Opicinus de Canistris  

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Opicinus de Canistris was an Italian priest, writer and artist. He was born on 24 December 1296 in Lomello (close to Pavia) and died in Avignon around 1353. His work, which for many years remained undiscovered because most of it had been produced whilst he was psychotic, was recently deciphered making him an important figure in psychopathological art.



It is mostly known through the writings and drawings of Opicinus himself because his work constitutes a vast delirious autobiography which is worth decoding.

I - NORTHERN ITALY (1296-1329)

Opicinus de Canistris was born in Lomello (Lombardy, close to Pavia) on 24 December 1296. His family, which was well known in Pavia, actively supported the Guelphs against the Ghibellines.

He went to school from the age of six. He then studied liberal arts and progressively received an eclectic encyclopaedical training. From a very early age he was interested in drawing. He had several temporary jobs to materially help his family.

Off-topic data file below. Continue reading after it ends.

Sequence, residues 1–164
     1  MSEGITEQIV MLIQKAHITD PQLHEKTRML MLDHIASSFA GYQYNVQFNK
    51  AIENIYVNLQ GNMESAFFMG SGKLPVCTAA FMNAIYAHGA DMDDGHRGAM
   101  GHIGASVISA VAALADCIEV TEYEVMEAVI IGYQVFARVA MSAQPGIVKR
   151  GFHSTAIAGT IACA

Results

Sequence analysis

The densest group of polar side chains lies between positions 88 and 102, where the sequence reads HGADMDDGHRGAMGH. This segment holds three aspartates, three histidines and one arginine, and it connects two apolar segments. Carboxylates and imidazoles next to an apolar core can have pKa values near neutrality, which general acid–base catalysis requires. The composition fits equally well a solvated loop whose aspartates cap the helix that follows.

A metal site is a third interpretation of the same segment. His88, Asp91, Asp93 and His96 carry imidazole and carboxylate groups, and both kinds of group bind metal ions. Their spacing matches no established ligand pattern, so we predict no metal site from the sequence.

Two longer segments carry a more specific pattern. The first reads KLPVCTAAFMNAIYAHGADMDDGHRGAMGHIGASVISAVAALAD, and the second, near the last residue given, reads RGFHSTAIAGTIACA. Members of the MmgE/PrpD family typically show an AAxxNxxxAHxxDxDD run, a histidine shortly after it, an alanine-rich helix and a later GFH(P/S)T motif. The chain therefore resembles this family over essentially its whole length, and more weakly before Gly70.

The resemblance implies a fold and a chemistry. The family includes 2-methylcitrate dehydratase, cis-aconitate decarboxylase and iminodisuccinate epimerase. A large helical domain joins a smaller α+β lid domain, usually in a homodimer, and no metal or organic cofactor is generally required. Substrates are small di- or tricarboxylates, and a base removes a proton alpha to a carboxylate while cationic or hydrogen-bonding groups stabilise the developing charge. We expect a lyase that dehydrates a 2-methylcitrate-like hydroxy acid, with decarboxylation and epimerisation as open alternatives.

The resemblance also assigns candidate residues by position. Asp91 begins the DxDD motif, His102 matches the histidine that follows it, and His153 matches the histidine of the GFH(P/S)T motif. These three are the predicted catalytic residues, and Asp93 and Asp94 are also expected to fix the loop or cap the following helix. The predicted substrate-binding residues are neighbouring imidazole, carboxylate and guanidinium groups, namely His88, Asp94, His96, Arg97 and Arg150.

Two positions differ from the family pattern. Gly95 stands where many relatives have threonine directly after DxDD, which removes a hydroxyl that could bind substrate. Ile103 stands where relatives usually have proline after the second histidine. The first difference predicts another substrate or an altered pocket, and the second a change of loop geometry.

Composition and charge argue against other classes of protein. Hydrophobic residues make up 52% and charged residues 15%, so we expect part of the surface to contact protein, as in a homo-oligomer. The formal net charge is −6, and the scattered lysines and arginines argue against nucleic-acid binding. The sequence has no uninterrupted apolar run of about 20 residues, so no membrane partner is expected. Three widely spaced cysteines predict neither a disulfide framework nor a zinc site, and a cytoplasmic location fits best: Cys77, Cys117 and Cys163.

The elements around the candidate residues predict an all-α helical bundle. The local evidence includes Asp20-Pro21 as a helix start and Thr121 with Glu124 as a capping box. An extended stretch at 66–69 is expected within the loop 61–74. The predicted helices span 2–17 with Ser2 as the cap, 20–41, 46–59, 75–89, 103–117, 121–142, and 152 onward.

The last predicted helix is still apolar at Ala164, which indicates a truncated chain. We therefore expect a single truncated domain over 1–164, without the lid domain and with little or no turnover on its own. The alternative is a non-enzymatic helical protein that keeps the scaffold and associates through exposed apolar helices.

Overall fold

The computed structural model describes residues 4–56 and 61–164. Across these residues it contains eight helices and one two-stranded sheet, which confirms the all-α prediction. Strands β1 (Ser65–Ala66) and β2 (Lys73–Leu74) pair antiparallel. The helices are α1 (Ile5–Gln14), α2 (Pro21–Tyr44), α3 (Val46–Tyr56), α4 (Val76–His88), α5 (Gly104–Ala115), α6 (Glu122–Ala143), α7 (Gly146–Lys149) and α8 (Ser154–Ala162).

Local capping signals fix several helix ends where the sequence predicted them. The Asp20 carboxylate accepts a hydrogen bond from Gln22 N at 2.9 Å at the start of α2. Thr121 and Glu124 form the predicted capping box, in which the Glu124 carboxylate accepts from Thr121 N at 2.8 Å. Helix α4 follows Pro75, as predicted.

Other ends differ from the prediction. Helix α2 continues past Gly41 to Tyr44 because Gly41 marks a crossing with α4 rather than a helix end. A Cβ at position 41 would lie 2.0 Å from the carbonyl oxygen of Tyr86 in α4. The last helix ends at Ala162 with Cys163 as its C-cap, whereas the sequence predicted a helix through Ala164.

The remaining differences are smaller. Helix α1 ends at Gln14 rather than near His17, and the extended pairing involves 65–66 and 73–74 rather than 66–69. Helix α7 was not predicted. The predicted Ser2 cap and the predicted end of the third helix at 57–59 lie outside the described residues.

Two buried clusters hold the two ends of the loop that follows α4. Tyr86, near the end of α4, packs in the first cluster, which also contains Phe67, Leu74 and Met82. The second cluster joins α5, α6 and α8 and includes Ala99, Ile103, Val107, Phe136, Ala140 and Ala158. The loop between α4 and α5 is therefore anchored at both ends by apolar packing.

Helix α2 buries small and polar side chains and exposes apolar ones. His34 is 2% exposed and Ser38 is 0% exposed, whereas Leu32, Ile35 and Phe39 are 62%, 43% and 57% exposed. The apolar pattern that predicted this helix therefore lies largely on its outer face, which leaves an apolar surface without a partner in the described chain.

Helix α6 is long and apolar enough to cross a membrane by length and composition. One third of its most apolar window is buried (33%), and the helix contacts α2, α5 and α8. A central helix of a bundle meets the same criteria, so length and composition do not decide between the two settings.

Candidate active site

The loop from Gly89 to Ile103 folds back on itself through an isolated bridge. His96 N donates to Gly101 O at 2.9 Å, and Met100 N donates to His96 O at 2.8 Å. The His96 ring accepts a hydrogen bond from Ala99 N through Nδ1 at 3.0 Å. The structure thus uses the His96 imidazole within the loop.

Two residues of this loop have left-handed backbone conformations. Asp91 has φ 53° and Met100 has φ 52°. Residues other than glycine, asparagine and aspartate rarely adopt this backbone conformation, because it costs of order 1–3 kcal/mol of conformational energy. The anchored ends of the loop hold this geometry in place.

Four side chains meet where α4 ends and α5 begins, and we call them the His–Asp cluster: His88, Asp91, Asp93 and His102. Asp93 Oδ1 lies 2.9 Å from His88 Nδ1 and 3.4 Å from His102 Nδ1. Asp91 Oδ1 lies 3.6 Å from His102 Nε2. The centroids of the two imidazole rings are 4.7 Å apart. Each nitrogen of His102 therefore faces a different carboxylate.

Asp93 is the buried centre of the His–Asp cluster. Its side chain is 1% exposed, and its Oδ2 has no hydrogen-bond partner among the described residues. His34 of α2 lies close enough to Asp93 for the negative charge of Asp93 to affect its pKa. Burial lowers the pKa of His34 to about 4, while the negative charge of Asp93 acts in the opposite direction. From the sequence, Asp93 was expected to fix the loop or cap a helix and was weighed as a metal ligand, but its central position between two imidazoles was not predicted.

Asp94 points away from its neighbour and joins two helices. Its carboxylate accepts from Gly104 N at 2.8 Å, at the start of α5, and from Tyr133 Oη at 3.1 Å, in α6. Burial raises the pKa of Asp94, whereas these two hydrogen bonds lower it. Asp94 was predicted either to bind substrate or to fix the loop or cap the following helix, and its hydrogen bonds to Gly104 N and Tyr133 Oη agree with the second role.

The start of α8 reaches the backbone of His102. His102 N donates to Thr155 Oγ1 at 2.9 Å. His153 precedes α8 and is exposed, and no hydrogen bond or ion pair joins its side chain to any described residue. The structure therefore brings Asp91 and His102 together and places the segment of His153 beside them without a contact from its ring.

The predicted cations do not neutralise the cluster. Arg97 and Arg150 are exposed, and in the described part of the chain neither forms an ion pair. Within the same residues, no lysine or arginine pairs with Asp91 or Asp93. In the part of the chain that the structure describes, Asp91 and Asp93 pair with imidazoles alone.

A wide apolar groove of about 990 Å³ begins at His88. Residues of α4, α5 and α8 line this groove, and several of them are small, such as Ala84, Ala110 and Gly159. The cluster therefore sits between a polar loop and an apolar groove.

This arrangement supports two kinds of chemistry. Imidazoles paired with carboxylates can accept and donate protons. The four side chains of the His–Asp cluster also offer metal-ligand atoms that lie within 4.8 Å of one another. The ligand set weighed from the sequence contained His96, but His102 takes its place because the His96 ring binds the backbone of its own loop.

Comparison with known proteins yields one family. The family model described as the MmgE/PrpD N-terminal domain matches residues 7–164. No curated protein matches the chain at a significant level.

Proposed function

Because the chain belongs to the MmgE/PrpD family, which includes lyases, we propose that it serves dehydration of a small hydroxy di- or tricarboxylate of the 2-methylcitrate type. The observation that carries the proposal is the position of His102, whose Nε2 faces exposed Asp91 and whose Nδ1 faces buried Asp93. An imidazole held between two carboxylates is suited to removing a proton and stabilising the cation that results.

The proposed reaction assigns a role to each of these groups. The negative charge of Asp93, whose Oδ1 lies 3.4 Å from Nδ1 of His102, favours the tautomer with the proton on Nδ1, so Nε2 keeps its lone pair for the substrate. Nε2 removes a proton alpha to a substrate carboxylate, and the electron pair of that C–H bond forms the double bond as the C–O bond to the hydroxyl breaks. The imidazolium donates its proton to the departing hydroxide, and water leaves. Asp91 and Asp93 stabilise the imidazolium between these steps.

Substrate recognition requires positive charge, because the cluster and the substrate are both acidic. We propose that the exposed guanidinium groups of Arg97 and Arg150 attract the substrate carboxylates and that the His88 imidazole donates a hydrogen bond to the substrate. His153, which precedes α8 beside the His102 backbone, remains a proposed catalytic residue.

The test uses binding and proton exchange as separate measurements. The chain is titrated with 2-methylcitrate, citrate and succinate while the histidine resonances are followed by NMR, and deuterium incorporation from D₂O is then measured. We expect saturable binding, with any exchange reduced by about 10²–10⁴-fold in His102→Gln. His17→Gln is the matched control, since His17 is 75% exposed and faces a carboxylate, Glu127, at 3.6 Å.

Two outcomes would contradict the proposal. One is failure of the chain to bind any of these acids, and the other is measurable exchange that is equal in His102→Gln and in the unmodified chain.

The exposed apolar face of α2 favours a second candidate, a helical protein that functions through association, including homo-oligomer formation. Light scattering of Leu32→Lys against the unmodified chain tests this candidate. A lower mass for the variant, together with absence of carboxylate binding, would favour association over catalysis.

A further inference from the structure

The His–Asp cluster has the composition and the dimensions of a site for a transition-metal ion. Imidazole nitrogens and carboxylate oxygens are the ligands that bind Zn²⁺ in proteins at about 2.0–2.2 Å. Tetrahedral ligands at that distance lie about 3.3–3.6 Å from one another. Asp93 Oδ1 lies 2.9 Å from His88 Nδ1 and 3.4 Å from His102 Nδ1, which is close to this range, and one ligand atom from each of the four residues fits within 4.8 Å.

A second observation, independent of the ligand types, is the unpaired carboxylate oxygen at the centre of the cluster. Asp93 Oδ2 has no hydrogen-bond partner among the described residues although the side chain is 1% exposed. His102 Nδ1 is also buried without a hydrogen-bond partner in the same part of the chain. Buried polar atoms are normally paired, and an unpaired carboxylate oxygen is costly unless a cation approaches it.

The storming of Pavia by the Ghibellines on 8 October 1315 forced Canistris' family to take exile in Genoa for three years. Opicinus then distanced himself from the Guelph part of his family, especially following the death of his father and one of his younger brothers.

In Genoa he studied theology and the bible in greater depth and developed his talent for drawing. During this period he was able to see the first "sea maps" (incorrectly known as "portolans"). When he returned to Pavia (1318) Opicinus studied to become a priest. From 1319 he drew up religious treaties. He was ordained in Parma on 27 February 1320 and in 1323 obtained a modest parish in Pavia (Santa Maria Capella). His obsessive disorders began to appear in 1321.

Between 1325 and 1328 he committed a simoniac crime and was excommunicated by the Bishop of Pavia. He fled and roamed for several months, living from begging and suffered a depression punctuated with anxiety attacks.